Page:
Tuesday, March 16, 2010

Cancer and Cellular Connections

Days of strange co-incidences. Today a friend in the USA sent me a fascinating little article from the Howard Hughes Medical Institute. Basically the story goes like this:

Cancer cells have very strong "pulling power", they tightly bind together. This has serious therapeutic implications which be latter addressed. What struck me as so odd about this research was just yesterday I read how immune cells also rely on pulling power to ensnare and devour dangerous cells.
The research from Howard Huges Medical Institute is a wonderful example of modeling cell behavior. The stronger the cells bound together, the more aggressive the tumour. A recent research piece, excellently reviewed in this Scientific Blogging link, finds that Natural Killer cells rely on nanotubes which extent out and bind the target cell. The ability of NK cells to do this is very important because it plays a fundamental role in killing the target cell. Typically we think of cell mediated apoptosis(programmed cell death) to be mediated by specific molecules that binds to receptors in the target cell and initiate programmed cell death. That is obviously still important but the immune responses are not so neat and tidy, in fact it is more the case of a barrage of attacks against potential invaders to increase the probability of a major strike against the foe. This binding phenomenon touches on this in the following ways:

  • If an NK cell can obtain greater cell surface to cell surface contact with the target cell, it can release death initiating molecules that will be much more likely to find their target receptors(thereby overcoming a major probability problem for me regarding ligand-target receptor dynamics).

  • NK cells will also release oxidising agents, this is a major feature of the immune response. Again, the closer the cell, the more likely these agents will penetrate the cell wall of the target cell.  

  • The binding will effectively smother the target cell, thereby depriving it of nutrients, oxygen, and waste elimination. This will weaken the cell enhancing the possibility of programme cell death being mediated by a process that happens within the cell and does not require an external receptor mediated death signal. 

But wait, there's more ...

  • The tight binding of cancer cells may provide some insight into why angiogenesis is such an important issue for tumour progression. Many of the leading chemotherapeutic drugs are aimed at inhibiting angiogenesis. While this is a desirable goal it also carries many risks but hey die from cancer or take your chances what are you going to do? With such tight binding the cells would require extensive angiogenesis to maintain nutrients and waste elimination. 
  • It is often said that the immune responses do "recognise" tumour cells but fail to act. For as yet unclear reasons tumour cells are often resistant to immunological assault, though there is the possibility that for some as yet unknown reason tumour cells attract regulatory T cells, a line of T cells that serve to inhibit the immune response. I doubt that and in light of these two research pieces I am inclined to the view that tumour cells survive because the NK cells, which play a major role in cancer killing, cannot obtain a sufficient grasp of the tumour cell so as to maximise their cell consuming efficacy. 
  • It is well known that a detached cell is a cell in danger. As a detached cell will express various cytoskeletal proteins on its surface, and these proteins can initiate an immune response, such a cell will become a target for the immune system. This would not apply to cells that are typically not attached to other cells(blood cells, immune cells) because they would not be expressing the cytoskeletal proteins that are used to bind cells together.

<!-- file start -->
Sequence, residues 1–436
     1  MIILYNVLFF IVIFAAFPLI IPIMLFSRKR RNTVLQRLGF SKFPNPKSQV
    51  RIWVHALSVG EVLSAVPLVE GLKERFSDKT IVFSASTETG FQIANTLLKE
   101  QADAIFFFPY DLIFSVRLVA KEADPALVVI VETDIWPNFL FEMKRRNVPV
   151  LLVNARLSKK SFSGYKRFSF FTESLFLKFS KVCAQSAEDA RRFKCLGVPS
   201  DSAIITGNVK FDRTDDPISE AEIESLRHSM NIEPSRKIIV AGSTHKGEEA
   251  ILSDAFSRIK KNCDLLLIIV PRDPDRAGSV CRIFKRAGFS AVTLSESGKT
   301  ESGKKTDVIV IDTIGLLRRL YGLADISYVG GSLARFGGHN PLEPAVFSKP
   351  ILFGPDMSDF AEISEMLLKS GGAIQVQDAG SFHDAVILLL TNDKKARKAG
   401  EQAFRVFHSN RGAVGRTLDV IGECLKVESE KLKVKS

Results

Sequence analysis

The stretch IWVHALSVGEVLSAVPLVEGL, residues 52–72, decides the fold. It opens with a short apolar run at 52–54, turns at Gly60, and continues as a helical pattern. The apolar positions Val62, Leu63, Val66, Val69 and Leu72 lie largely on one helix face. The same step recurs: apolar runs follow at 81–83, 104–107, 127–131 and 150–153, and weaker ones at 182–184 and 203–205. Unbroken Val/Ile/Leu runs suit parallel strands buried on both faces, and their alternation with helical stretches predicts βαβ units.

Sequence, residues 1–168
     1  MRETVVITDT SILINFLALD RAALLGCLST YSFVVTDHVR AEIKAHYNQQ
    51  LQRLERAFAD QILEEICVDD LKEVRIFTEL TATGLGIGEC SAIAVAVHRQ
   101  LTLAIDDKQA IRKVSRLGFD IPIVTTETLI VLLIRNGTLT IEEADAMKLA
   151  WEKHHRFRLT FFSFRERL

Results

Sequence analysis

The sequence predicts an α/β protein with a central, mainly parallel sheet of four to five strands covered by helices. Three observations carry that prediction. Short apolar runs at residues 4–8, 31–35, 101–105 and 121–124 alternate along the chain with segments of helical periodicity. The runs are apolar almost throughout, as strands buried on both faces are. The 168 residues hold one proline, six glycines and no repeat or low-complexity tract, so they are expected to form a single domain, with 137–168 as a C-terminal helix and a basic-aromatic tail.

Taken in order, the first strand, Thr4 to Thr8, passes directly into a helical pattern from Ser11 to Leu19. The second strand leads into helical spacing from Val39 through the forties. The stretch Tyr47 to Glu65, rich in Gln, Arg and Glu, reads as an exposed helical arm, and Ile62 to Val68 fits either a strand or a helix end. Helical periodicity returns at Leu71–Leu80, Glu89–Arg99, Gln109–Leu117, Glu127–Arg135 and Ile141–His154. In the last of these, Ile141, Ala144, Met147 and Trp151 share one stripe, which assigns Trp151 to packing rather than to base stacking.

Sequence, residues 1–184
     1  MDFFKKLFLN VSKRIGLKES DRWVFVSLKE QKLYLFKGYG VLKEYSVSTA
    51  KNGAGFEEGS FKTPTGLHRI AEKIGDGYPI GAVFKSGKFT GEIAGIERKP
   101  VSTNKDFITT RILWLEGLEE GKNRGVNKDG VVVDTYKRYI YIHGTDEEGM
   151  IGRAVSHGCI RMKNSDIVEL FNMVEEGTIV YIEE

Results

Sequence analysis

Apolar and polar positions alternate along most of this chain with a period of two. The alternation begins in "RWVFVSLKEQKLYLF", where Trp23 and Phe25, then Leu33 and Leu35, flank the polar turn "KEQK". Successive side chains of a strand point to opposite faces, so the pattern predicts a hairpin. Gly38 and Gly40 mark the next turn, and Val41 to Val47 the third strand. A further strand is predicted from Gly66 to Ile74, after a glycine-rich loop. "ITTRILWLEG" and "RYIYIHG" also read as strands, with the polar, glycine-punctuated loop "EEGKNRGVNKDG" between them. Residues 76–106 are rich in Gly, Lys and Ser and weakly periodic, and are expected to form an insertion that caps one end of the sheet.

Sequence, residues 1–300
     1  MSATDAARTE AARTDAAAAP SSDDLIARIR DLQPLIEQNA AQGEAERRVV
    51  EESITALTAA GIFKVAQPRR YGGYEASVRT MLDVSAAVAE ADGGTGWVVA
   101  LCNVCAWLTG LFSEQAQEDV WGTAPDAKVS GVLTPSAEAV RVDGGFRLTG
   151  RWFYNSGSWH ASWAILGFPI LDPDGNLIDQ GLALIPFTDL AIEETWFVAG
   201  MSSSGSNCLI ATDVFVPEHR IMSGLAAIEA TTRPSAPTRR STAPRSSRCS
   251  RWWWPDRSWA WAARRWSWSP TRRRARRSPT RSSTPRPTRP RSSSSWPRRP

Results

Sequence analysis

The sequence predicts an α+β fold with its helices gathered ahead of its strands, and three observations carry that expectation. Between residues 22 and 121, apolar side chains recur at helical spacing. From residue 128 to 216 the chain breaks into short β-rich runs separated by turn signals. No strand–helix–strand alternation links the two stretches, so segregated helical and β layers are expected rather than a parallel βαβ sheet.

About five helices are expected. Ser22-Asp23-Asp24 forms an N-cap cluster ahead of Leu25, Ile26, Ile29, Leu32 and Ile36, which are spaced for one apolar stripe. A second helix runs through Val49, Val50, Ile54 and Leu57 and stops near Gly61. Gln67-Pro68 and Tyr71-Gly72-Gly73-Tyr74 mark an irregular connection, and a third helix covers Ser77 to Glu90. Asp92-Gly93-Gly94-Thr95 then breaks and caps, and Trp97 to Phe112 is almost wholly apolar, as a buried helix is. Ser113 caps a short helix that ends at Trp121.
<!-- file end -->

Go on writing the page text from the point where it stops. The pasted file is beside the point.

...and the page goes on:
• The tight binding of tumour cells serves not only to prevent cell detachment and so enhance cell survival, but also reduces the target area for molecule to killer receptor linkage. In fact the tighter binding has the potential to reduce cell exposure to potential immunological attack to a very great degree. 

Therapeutic Implications:

The reason why so many immunotherapeutic approaches may be failing is simply because solid tumours are more like a disciplined squad of rebels hell bent on holding their ground. Inducing cytoskeletal disruption may be an important pre-requisite for both immunotherapeutic and chemotherapeutic approaches to tumour treatment. There are agents known to attack these binding proteins. Colchicine, used to treat gout, is known to dissolve microtubules but also damages many cells.

There is a way around the above dilemma. I read this months ago and there is active research in the area. It involves a beautiful little idea of taking bacterial cells, cleaning out the insides, and then filling up the same with some toxic material. This "mini-cell" will then bind to a tumour cell, and release it contents. Because bacterial cell walls typically contain proteins that mount a strong immune response, these mini-cells confer a dual advantage in targeted chemotherapy and enhanced immunological response. For more information about bacterial wall proteins, have a look at(Warning - difficult to read link because it is very technical)  PAMPS - Pathogen Associated Molecular Patterns.

To a man with a hammer everything looks like a nail. We always focus on that which we can place within some theoretical framework. Biology is very much about chemistry but as these articles demonstrate simple high school physics can also be very important.

Finally ... 

For those so interested I highly recommend the Scientific Blogging article on the NK cell use of nanotubes. The research on which that item is published by PNAS.